post #27 of 118

Did you just say that Liz's loss was unavoidable?
Seriously, I'm not being b*tchy, just wondering if I read that wrong.  It definitely was not unavoidable that belief is dangerous and keeps women uninformed about the safety of birth.

Quote:
Originally Posted by lunarlady View Post

Liz-hippymom - I'm sorry my post upset you. It is true that some labor injuries and losses are avoidable, and I am familiar with your case and know that is true for you. However, birth injury and death can happen both at home and in the hospital, and that is why I said it is POSSIBLE that was the case for her friend's baby. Without knowing details, there is no way to judge if being in a different setting would have made a difference for that mom. All moms who have a bad birth experience question "would it have been better if I had done ______?". It is an individual thing to see if you find more comfort in the answer being "yes" or "no". As you can tell from my post, I am more of a "no" person. Once again I'm sorry to upset you. I would never want to add to the pain of a grieving mama. I have nothing but respect for the strength it takes to deal with the loss of a child.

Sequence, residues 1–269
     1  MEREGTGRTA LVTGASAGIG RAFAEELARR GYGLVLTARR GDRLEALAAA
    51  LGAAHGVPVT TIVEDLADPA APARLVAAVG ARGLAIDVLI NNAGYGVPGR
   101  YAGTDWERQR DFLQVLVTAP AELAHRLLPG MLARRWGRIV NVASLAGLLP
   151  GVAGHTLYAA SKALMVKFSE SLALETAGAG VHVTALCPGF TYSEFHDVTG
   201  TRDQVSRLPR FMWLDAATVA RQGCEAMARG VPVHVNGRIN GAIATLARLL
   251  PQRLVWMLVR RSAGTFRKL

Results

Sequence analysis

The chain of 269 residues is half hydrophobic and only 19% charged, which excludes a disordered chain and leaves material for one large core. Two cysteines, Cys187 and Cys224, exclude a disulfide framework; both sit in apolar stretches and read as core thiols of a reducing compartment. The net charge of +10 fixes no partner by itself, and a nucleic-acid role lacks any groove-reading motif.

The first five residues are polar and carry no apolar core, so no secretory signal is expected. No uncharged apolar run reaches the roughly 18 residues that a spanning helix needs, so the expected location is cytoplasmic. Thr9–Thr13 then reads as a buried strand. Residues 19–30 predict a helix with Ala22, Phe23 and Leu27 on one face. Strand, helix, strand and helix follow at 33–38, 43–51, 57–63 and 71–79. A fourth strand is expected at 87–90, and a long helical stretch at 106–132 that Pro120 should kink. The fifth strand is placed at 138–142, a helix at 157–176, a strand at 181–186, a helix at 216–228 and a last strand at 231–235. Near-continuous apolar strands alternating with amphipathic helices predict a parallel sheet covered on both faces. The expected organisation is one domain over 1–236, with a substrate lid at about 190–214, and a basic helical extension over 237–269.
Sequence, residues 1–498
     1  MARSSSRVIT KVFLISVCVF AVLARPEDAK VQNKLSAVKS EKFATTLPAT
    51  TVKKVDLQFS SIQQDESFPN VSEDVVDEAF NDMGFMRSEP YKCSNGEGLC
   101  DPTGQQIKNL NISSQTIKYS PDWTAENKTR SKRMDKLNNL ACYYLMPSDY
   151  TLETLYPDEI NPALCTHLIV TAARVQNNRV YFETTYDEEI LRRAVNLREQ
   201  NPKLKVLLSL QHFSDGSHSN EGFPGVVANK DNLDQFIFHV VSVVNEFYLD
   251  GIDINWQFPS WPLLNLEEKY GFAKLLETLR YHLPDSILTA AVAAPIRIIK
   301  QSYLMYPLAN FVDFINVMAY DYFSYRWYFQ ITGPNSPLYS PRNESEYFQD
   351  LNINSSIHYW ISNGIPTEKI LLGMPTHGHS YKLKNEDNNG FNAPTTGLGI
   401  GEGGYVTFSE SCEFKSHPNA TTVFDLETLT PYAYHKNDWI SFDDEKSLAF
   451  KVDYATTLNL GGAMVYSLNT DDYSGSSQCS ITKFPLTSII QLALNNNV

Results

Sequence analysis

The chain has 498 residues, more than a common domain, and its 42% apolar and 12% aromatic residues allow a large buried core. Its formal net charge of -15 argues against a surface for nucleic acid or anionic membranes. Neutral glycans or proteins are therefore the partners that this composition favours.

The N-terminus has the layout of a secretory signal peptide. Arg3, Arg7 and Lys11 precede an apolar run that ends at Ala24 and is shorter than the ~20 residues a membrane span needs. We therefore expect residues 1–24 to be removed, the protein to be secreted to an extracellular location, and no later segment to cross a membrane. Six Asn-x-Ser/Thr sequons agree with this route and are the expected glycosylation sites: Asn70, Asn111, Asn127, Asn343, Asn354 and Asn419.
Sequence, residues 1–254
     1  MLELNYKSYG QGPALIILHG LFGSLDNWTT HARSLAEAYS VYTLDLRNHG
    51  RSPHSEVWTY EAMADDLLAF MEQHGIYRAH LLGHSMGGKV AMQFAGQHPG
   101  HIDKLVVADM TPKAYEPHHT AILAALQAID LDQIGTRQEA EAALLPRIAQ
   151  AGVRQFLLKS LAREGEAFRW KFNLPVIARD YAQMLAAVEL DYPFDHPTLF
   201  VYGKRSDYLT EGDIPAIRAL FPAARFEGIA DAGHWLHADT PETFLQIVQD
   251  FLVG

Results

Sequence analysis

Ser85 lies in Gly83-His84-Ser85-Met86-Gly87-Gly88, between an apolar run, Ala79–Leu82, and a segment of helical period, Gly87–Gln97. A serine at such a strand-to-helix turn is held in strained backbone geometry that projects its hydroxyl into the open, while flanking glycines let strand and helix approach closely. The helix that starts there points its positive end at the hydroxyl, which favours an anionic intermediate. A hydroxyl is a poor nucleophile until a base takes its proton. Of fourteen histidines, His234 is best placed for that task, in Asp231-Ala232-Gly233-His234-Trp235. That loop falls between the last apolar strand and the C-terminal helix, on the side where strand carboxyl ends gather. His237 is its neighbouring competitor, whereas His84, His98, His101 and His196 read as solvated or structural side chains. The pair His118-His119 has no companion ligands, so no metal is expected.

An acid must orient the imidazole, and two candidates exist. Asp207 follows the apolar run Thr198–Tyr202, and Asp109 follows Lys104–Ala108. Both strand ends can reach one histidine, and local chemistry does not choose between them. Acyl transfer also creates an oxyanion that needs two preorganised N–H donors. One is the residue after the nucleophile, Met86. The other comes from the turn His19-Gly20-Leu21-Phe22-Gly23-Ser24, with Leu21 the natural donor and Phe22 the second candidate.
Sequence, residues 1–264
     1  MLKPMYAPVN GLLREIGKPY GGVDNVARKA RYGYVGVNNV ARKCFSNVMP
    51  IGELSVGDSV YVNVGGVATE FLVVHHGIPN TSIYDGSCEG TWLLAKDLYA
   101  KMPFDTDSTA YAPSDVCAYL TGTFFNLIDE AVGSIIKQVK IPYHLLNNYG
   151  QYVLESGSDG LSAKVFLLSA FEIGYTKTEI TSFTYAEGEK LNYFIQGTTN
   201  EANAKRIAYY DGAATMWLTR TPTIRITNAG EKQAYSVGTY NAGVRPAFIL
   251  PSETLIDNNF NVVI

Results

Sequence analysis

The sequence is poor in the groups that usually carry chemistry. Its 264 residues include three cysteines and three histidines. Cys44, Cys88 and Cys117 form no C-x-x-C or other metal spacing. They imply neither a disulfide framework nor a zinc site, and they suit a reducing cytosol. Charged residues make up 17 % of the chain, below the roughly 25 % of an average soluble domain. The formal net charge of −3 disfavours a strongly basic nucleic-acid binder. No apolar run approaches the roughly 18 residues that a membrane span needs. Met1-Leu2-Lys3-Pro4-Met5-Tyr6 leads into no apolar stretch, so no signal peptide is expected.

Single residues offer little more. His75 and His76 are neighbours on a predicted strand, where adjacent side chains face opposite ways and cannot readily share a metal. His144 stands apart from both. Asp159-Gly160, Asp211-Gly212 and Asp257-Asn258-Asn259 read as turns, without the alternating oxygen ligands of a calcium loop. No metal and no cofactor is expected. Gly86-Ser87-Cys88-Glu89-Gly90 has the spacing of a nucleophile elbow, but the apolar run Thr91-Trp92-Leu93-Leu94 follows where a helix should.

post #28 of 118

lol, nevermind I can't read!

post #29 of 118
Quote:
Originally Posted by waluso View Post



What has happened to MDC? This used to be a supportive site where we treated each other with respect. Lately I'm seeing so many comments like this and it really saddens me. No one said a c-section is never necessary. But downplaying the effects of a significant, invasive surgery invalidates the negative experiences of those who have gone through it, suffered the ill effects, and been traumatized (and had the health of themselves and their babies impacted by it). I would do anything to save my baby, and I agreed to the c-section, but that decision should not be taken lightly.  
 

 


The UA changed and now everyone can pretty much say whatever they want, leaving a lot of posters no longer feeling the obligation to engage in a tactful or respectful tone.
post #30 of 118


 

Quote:
Originally Posted by waluso View Post